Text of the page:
Cathy Reinking, a former casting associate on the hugely popular TV show “Frasier” commented in a roundtable discussion about workshops in Backstage West magazine,
“…they're in a play, and they go, ‘Oh, now everyone's going to come see me,’ and no one comes. Is that really the reason to do it? I don't think so. It's easier to pay your money [for a workshop] and you're guaranteed you're going to meet a casting director.”
What these workshop casting directors I spoke with were doing was condoning a behavior that was putting cash in their pockets to meet actors in these well-organized audition mills! At the same time, they were sending a message to actors that doing great work in theatre was unlikely to gain the attention of casting directors, but a well-placed payment certainly might. And these casting directors have been responsible for lowering the standards of excellence in casting by relegating the training of their staffs – the casting directors of tomorrow -- to the casting director workshop scheme.
Too many assistants are now getting paid by actors for their apprenticeship, and the quality of tomorrow’s casting directors will suffer as a result. A larger problem for the profession may be that casting directors have allowed workshops to damage the image of the casting profession, which for so many years has worked to gain a legitimacy and acceptance by its peers in the industry. The CSA, charged with maintaining the professional standard for the casting industry has, until very recently, done little to address the pay-for-access issue.
In fact, for years, the official CSA website actually condoned the illegal activity that went on in workshops.
Casting director and CSA member Matthew Barry was in charge of responding to questions from actors in the “Mailbag” section of the CSA website. Here’s how he answered an actor who was curious about the pay-to-play issue. Emphasis is mine.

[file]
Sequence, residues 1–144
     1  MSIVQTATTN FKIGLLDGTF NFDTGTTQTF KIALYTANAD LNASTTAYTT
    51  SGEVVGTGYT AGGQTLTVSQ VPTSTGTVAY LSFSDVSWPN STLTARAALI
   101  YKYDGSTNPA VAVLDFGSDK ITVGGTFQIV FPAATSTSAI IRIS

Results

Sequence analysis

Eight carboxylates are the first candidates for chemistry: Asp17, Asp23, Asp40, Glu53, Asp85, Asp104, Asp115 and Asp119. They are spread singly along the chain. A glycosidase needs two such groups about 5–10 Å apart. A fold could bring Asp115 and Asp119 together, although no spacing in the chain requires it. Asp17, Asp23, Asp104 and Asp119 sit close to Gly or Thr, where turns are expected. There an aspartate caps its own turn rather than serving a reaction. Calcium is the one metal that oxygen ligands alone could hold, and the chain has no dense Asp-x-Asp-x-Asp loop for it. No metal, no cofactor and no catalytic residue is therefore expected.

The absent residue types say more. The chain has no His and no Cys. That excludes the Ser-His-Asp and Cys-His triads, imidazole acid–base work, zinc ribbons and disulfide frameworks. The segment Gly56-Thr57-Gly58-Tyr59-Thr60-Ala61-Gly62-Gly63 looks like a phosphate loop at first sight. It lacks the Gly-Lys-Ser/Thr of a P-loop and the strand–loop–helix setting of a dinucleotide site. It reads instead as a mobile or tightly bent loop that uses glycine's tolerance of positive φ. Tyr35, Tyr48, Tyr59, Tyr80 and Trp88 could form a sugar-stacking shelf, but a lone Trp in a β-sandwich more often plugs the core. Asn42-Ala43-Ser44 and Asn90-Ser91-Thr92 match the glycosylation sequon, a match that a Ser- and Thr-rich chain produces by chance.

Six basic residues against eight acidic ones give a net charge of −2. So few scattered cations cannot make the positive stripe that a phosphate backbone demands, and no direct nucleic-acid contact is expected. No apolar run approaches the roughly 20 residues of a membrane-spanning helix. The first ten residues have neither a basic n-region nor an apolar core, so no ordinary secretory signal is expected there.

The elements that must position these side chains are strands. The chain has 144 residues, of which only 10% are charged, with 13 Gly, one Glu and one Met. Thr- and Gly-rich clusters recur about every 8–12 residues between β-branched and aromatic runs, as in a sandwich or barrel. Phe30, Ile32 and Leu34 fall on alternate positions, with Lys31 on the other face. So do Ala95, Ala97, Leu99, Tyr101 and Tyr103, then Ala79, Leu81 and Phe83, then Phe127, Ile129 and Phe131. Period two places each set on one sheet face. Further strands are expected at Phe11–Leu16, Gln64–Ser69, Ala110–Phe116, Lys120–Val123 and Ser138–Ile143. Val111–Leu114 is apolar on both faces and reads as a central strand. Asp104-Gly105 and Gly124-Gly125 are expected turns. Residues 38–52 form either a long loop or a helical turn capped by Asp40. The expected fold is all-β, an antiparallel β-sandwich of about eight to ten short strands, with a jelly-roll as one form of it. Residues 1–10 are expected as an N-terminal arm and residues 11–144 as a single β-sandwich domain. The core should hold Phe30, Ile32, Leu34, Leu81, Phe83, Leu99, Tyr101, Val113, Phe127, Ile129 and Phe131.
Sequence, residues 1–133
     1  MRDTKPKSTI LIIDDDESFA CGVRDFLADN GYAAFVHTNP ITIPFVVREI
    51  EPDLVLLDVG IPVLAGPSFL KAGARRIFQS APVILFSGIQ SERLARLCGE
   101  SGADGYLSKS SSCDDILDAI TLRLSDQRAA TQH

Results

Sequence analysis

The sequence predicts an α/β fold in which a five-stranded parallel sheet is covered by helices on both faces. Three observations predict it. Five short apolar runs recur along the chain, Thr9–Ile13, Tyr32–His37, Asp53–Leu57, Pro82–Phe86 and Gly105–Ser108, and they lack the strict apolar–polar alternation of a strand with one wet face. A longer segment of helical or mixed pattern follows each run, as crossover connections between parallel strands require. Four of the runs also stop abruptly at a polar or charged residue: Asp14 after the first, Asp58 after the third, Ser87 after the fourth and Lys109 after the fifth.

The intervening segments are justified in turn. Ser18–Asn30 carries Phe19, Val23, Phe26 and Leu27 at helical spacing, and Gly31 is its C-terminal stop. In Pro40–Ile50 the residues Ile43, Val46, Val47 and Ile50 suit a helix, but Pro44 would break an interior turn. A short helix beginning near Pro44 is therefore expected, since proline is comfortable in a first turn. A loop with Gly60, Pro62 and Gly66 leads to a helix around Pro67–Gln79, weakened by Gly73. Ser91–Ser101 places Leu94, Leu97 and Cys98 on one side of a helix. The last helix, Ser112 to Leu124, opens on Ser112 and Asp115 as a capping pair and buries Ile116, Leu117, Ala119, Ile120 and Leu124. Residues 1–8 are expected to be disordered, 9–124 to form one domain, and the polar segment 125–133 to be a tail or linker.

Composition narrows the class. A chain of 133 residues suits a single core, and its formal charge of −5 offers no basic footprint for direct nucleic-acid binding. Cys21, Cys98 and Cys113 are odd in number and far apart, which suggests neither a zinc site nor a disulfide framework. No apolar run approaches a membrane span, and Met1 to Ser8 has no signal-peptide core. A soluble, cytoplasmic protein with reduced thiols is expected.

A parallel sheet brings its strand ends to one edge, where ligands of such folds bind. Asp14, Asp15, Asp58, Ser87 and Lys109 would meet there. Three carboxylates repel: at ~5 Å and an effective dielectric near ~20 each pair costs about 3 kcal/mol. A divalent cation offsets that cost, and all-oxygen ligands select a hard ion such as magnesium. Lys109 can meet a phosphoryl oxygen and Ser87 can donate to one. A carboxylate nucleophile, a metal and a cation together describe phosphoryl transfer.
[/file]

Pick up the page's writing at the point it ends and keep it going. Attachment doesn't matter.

"The biggest question asked by actors has been 'How can I get SEEN by a casting director'. As I attended the State Senate Hearings last Friday, SAG President William Daniels himself exclaimed that '70% of its members don't even have an agent'. So obviously, if an actor has the chance to perform in front of a casting director, the only way to do so is to pay for a class/seminar/workshop. Many of you have written to express your dissatisfaction of having to go through such measures. Having been an actor, I feel your plight. However, we cannot control what people (let alone casting directors) choose to do with their free time. I've heard many arguments from the actors 'You pay to see a casting director, and you get their assistants', and from the casting directors 'Actors think we're all out to get them, but as a matter of fact, when I'm casting three TV shows a week and I need to find a good actor, a lot of them come from these showcases attended by my assistant'..."
It was not simply ignorance that allowed this statement to remain on the CSA website for years. I brought it to the attention of the board of directors on several occasions, but my concerns fell on deaf ears. It was the arrogant and self-serving behavior of an unconcerned CSA leadership that allowed this irresponsible advice to remain on the site for years. The fact that the CSA believed then that “no one can control what casting directors choose to do in their spare time” is a ludicrous notion and presents the crux of the problem the CSA faces today. It’s not a matter of restricting casting directors or prohibiting them from engaging in “free trade”. It’s a matter of promoting the responsibility and accountability which every professional organization must demand from its membership. Without specific standards from the CSA to which all members can aspire, the organization will continue to travel down a path which attracts less and less respect from our peers. Ignoring the problem, or evoking some flawed philosophy that says “anything goes” in a member’s free time can only steer the casting profession away from credibility and a standard of ethics it needs so greatly to uphold.